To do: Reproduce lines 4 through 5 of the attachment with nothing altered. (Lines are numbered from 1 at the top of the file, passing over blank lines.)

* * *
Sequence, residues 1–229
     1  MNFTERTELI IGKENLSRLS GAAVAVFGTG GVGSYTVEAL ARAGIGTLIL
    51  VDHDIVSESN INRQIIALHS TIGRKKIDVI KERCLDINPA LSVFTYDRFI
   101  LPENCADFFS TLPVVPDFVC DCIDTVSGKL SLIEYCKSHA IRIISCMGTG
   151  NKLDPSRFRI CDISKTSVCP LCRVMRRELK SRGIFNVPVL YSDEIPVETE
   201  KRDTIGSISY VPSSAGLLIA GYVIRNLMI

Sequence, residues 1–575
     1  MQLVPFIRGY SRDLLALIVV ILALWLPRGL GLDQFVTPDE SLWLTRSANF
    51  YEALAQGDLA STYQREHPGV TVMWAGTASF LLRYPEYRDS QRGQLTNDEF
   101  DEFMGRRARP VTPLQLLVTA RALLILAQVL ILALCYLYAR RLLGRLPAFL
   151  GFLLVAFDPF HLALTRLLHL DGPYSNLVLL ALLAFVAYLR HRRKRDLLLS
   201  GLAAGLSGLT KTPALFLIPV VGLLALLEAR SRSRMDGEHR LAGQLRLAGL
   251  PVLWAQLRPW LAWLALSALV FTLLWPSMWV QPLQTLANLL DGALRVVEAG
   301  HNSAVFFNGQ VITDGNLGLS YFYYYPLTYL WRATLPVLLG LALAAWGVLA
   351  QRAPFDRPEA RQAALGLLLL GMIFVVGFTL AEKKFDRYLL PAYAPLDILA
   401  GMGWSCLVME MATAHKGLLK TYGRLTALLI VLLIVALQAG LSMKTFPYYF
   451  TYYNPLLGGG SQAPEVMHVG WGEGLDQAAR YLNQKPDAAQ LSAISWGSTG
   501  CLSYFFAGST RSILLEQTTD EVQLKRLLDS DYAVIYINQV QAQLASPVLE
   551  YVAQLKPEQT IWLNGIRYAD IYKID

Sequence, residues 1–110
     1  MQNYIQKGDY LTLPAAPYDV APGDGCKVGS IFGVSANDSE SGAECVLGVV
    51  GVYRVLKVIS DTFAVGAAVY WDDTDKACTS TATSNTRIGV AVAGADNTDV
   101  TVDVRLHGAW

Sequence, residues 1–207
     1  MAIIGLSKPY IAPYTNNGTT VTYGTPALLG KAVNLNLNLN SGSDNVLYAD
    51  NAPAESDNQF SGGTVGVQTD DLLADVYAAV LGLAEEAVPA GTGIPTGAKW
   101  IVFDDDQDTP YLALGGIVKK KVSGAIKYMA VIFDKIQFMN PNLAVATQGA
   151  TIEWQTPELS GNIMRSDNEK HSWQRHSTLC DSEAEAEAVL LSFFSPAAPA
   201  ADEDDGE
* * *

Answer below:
   101  LPENCADFFS TLPVVPDFVC DCIDTVSGKL SLIEYCKSHA IRIISCMGTG
   151  NKLDPSRFRI CDISKTSVCP LCRVMRRELK SRGIFNVPVL YSDEIPVETE